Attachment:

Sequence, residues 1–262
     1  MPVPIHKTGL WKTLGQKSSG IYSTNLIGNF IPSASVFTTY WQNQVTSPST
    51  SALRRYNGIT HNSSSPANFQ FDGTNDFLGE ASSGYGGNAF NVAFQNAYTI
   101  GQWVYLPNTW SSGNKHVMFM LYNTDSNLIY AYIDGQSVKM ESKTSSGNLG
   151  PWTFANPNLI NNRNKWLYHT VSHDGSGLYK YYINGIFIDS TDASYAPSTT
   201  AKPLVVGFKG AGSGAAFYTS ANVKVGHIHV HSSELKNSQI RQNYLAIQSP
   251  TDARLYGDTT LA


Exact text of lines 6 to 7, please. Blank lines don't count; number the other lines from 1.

   201  AKPLVVGFKG AGSGAAFYTS ANVKVGHIHV HSSELKNSQI RQNYLAIQSP
   251  TDARLYGDTT LA